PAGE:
Confirming your horse’s identification is more important than ever, especially with the mobility of our industry. Luckily with the advance of technology, we have several tools to make this easy to keep up with and maintain.
Everyone is well familiarized with the need for a Coggin’s test, and most states still require a new test annually. Now the tests are available digitally through Global Vet Link. They allow for more specific identification – I mean how many bay horses with a star, snip, and left hind fetlock are there out there, and on paper they are identical. Also gone are the days of keeping up with that water-stained yellow piece of paper. Access is through your online account, so you are able to print of as many copies as you would like whenever you need to.
Certificate of Veterinary Inspection
Certificates of Veterinary Inspection (health certificates) are an often overlooked piece of information for travel. Legally, a CVI is required any time that a horse crosses state lines, and each state has it’s own set of requirements. Some states even require a permit number that your veterinarian must call to receive. Check out animalregs.com to be sure that you have everything that you need.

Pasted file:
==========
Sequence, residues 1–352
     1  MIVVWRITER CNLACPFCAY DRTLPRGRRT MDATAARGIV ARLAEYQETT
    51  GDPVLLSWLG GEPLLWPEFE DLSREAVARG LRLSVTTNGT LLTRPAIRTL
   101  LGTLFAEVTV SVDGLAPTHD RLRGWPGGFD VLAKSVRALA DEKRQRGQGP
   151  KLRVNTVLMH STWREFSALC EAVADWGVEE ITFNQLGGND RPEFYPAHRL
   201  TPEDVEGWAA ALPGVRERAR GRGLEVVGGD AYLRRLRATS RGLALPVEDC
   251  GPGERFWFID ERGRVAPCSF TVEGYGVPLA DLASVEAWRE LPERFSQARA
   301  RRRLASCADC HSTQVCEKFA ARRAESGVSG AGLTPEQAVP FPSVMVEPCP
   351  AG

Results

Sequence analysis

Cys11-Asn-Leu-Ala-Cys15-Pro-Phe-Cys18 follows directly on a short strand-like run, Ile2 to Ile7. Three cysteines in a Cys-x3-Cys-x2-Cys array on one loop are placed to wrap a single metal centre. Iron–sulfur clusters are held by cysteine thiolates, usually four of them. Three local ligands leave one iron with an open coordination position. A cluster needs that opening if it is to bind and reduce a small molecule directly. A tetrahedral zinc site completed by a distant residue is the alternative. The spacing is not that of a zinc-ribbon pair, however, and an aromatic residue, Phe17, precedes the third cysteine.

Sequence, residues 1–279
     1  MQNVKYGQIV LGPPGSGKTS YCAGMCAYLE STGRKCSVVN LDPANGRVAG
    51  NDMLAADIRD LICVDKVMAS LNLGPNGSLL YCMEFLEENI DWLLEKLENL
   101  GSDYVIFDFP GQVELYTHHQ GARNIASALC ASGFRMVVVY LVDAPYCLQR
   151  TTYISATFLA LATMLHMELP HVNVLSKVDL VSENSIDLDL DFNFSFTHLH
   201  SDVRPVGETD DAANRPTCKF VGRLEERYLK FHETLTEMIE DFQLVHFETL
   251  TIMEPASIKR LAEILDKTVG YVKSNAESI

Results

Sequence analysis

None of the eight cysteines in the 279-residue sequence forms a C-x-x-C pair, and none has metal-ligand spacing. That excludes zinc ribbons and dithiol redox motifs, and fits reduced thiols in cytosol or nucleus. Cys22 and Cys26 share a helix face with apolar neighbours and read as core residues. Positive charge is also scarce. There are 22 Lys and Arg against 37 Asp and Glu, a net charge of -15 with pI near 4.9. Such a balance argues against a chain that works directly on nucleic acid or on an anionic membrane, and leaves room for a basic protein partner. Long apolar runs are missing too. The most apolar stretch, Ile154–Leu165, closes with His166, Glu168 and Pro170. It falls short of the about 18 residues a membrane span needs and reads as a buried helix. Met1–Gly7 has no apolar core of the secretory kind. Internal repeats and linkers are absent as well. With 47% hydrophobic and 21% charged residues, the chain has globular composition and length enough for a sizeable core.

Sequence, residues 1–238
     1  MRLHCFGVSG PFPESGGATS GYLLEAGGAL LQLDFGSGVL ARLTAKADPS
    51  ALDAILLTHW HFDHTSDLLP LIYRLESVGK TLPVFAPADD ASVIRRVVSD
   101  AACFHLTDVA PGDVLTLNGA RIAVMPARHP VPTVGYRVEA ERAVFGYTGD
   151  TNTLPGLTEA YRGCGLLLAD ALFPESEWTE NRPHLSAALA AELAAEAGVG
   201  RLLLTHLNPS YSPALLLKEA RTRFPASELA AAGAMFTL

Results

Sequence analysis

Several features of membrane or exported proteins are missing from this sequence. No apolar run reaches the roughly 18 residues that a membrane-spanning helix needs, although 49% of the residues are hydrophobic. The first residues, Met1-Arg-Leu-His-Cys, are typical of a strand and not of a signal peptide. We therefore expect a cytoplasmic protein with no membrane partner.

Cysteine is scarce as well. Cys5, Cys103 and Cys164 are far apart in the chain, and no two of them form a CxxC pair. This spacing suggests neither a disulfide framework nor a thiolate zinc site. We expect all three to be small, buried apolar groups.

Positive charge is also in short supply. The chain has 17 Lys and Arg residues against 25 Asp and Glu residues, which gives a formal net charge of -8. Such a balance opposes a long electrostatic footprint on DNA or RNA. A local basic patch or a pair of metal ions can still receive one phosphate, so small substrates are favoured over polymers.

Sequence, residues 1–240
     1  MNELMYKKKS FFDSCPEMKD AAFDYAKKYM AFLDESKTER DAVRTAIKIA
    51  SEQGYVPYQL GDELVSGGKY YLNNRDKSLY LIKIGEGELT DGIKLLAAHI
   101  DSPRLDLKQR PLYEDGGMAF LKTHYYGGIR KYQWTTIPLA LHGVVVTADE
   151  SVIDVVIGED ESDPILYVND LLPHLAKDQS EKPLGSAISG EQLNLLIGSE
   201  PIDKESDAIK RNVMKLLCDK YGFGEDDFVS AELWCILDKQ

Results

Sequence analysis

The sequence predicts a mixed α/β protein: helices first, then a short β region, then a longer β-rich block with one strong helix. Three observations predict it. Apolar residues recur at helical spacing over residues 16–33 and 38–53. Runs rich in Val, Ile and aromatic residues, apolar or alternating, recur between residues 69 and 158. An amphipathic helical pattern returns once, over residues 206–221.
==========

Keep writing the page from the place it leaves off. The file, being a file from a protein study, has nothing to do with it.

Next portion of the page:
For those traveling multiple times throughout the year, it might be worth looking into a GoPass, or passport. These are 6 month CVIs that can be issued. A travel itinerary will be completed and then submitted to the state veterinarian at the end of the 6 month period. This eliminates the need to pay for multiple health certificates!
A form of identification newer to the horse world is a microchip. These help prevent even the best of digital records to be transferred among horses. The future of microchips will allow for an information registry that will not only help with identification but disease tracking and information storage. Although some have questions about confidentiality of the information linked to a horse, this can offer a more streamlined and easily accessible approach to identification. Biothermal microchips are also available that can provide a stress-free way to acquire a temperature on a horse. This can be very useful not only in a potential disease outbreak but also in identifying subclinical disease before more horses are exposed.
We know travel papers and identification can be tricky sometimes. If you have any questions, please do not hesitate to let us know!